There is plenty of priesthood for infirmities, weakness, and so on; but God has taken me up, and dealt with me, as at the Red Sea of old, and put all, all, away. We “have not received the spirit of bondage again to fear.” I was myself in such a condition for some six or seven years after I was converted, but that has only served to convince me that this is not a Christian place at all. And the reason of my assurance is, that while Christ is within, the Holy Ghost has come down. His coming proves that Christ’s work is accepted. It is no good anyone telling me that I cannot know; indeed, it is a mischievous work, for it makes people easy, when awakened; because if an awakened soul were to feel he ought to know, such an one would not rest until he did know.

Ques. What is the meaning of, “that they may lay hold on eternal life,” 1 Tim. 6:19?

When God has saved us, He will keep us, but we have to go through the wilderness, where we have a great deal to learn, with the question of services also, and of rewards even, and of much more besides; people mix up all these things with the question of acceptance. But as to the crown before me, that is not a question of my being saved, but of my encouragement. And therefore I need all these exhortations and guides along the road.

It may happen to me, like Peter, that I have need of a fall, in order to learn what I am (a very sad thing, if I do), but that does not touch the question of eternal life.

My child has life as distinct when he is a day old as when he is twenty years of age. But when I speak about righteousness, then Christ is my righteousness, and it would be blasphemy to think of anything imperfect about that. As in Christ, I am Christ’s own perfectness before God, and if so, then Christ is in me.

From this flows the responsibility of the Christian. Has there been seen in me to-day anything of Christ? Christ is in the presence of God for me, and I am in the world for Christ, and I am to take good care that it is not something else that I exhibit. “Keep yourselves in the love of God,” this is what I have to do. “Work out your own salvation,” this is the very thing I have to do. There is also my responsibility to walk in the Spirit. As a matter of fact, I am sitting in Christ (but not yet with Him) in the heavenly places; and yet I am running onwards to reach there. “Much more in my absence,” is, that now you have lost Paul, work it all out for yourselves.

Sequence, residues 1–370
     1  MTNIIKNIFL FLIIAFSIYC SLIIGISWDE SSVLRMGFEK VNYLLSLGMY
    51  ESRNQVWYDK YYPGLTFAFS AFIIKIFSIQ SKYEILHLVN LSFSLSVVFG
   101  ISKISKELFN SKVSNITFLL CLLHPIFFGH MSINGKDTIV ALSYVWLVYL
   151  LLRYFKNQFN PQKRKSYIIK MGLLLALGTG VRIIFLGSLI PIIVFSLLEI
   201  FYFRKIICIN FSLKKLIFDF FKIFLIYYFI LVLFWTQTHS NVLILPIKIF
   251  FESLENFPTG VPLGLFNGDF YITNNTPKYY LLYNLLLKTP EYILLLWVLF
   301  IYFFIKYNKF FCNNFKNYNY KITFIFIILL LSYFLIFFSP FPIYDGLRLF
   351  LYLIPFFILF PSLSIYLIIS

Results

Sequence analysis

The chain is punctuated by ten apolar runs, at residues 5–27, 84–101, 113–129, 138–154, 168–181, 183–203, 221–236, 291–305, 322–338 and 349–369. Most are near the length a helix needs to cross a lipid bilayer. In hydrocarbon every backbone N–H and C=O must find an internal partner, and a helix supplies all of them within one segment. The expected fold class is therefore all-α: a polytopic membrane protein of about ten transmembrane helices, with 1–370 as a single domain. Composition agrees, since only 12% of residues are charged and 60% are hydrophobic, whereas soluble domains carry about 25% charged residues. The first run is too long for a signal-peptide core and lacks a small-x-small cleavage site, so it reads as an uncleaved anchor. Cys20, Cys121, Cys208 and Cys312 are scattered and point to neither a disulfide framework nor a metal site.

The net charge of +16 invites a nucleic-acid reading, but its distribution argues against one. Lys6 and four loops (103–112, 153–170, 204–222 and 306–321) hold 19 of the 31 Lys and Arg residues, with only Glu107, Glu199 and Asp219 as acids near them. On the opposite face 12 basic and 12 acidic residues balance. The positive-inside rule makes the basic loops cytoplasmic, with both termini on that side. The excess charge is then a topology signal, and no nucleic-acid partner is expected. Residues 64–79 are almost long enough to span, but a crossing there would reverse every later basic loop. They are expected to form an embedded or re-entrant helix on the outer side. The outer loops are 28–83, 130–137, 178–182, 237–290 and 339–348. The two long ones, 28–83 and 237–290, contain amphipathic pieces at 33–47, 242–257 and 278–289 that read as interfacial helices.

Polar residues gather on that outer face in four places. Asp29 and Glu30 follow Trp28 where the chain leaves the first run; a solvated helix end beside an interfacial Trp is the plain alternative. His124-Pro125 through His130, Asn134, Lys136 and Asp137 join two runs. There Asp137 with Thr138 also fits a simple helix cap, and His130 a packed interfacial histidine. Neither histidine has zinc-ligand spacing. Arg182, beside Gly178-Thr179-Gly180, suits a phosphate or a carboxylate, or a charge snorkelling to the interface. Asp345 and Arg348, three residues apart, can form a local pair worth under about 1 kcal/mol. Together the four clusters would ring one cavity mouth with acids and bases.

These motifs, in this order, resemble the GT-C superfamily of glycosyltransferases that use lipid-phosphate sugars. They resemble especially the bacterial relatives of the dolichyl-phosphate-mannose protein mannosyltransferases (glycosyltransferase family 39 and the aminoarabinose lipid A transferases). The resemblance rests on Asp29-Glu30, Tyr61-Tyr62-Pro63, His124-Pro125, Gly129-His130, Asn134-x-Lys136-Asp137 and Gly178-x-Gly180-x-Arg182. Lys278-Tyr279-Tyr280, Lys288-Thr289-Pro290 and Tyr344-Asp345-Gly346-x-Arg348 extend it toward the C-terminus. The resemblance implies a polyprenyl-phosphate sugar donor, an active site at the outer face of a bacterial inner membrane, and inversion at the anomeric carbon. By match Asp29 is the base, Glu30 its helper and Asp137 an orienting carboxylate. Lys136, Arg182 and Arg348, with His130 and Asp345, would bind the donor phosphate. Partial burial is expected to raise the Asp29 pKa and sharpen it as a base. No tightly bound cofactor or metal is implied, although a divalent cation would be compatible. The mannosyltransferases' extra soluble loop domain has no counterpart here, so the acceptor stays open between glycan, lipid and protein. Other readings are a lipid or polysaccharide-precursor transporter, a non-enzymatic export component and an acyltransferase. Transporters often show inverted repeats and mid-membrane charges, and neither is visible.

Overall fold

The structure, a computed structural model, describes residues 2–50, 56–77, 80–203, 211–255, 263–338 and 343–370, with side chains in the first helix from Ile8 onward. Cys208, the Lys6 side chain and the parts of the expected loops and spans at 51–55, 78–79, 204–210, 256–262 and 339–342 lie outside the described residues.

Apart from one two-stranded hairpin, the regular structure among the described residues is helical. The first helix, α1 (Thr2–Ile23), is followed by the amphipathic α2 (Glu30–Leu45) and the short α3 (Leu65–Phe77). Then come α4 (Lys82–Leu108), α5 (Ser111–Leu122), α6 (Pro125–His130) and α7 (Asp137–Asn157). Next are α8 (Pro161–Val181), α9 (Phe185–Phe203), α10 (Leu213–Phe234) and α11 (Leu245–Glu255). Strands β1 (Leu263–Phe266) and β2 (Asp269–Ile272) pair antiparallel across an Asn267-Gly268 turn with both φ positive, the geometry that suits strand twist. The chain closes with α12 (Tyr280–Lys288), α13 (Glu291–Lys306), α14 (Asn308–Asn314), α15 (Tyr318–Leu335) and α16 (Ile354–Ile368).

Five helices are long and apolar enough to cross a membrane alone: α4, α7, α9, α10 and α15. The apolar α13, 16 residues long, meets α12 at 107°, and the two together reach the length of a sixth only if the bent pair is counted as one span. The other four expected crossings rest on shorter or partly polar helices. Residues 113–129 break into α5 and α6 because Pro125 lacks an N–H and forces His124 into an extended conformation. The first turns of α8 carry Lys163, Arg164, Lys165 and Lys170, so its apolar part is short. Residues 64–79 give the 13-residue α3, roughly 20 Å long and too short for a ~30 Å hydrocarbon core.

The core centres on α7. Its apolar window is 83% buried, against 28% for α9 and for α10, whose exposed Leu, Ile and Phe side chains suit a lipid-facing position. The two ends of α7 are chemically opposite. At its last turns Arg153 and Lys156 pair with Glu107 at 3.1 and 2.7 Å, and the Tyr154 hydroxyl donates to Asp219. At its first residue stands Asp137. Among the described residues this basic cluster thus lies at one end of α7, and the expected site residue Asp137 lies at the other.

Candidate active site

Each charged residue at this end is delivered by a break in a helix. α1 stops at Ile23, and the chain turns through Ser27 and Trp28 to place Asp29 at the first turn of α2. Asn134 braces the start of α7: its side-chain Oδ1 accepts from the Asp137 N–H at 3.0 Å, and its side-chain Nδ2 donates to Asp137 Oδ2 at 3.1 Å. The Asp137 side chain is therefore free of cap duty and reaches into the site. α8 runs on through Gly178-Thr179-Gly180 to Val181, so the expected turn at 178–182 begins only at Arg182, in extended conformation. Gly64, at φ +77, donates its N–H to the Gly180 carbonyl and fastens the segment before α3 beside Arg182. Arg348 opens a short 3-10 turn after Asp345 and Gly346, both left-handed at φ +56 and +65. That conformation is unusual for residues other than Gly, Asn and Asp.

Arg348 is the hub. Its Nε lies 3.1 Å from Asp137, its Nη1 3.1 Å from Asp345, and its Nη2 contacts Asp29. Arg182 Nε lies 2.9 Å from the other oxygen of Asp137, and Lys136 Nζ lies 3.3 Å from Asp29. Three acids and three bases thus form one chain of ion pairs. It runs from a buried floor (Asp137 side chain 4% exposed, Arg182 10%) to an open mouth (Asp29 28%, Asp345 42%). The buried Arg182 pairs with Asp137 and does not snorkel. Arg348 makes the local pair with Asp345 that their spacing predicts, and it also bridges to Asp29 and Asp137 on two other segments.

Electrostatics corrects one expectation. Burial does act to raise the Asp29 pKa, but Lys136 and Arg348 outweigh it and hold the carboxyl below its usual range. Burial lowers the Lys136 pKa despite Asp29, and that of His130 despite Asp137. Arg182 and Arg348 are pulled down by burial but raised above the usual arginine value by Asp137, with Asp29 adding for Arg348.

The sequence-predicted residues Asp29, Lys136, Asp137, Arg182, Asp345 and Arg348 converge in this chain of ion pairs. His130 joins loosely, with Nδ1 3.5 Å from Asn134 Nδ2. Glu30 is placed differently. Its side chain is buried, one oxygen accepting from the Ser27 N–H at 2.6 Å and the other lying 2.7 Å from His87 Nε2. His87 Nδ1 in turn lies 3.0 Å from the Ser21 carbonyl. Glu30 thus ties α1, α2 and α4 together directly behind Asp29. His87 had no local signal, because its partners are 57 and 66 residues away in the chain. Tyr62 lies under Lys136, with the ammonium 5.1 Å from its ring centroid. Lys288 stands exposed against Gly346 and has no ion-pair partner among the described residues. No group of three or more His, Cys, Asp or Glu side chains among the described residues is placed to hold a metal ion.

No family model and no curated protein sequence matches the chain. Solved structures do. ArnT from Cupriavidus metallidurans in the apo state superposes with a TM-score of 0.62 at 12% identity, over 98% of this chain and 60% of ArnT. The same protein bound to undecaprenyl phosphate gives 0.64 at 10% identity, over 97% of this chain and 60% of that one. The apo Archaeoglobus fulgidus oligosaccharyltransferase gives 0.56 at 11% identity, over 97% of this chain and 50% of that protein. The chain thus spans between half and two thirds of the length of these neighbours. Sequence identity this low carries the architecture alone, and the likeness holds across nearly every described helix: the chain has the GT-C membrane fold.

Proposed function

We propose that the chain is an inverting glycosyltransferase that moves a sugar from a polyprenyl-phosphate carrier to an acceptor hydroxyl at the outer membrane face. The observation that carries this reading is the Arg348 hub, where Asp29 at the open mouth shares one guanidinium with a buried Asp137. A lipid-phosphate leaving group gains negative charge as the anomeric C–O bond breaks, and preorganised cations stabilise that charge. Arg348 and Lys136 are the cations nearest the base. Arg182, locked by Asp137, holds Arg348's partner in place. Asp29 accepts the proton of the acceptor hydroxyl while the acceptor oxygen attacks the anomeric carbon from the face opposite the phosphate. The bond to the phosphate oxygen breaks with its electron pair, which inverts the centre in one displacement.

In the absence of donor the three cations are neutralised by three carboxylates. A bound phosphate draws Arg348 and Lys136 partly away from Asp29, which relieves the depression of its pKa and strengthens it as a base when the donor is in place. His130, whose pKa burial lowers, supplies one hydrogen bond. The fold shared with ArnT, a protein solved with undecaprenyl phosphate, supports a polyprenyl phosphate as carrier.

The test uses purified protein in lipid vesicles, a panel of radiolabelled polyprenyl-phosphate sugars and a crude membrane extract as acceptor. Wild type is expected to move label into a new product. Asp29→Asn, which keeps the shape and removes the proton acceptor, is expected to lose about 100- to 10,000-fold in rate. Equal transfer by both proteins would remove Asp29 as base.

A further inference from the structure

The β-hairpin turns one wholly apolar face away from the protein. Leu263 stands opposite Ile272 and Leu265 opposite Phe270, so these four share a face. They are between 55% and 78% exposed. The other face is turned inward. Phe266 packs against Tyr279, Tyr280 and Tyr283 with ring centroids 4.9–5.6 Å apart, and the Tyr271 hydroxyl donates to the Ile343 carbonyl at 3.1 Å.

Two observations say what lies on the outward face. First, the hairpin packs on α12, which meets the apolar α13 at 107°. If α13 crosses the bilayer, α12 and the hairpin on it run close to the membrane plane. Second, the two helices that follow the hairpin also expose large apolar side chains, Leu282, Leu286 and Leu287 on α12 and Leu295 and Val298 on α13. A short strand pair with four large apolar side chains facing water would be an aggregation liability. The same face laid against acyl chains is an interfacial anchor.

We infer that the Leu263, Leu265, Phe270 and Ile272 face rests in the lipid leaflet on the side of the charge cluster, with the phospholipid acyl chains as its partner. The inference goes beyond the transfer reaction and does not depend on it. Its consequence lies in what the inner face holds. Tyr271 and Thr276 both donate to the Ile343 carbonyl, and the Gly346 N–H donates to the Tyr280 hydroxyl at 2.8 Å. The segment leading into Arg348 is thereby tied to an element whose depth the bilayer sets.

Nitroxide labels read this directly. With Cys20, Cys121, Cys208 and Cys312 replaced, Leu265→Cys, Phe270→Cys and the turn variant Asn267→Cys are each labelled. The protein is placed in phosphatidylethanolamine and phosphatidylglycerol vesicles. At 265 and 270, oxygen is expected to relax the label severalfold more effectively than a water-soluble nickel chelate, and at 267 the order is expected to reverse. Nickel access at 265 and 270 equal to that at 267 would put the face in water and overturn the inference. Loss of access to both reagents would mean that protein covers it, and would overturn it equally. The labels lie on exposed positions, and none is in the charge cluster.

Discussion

There are in Scripture two simple positions for a Christian; the one is, my acceptance in Christ. In myself, I am a lost sinner, and a man that is lost is not on probation; I have given myself up as on that ground, and the only part I have in what saves me, is my sins, and the enmity that killed Christ.

So that puts “I” out, as to acceptance.

Christ has done it all, and thus I am accepted in the Beloved, while as yet I have not an atom of the glory to which I am entitled. And now I must run for the prize. “Well, then,” says the devil, ‘I will be at you.’ And it becomes then a question, not of righteousness, but as to whether I shall get through to the goal.

Anxiety as to this is met by constant dependence, and by constant confidence. By dependence, for I can do nothing without Christ. If in any measure I have lost sight of Christ, it is all wrong; on the other hand, I have this certainty: “I will never leave thee, nor forsake thee.” I am kept by the power of God through faith, but then this shows that I need to be kept, and it proves the danger, too.

Not that the issue is in doubt, because God is in it, but I am kept in constant dependence, that is just the very thing in which Adam failed.

When sanctified, I am sanctified “unto obedience.”

Strange it is, that because I am told to hold fast my confidence, some should tell me that I ought not to have any to hold!

Ques. What about, “Lest … I myself should be a castaway”?

I have been looking at this word recently. It is adokimos, and is used, not for those who do not strive lawfully, but for those who have not qualified themselves to enter the race, and whose names are not on the list. And Paul says he keeps under his body, lest he should be adokimos.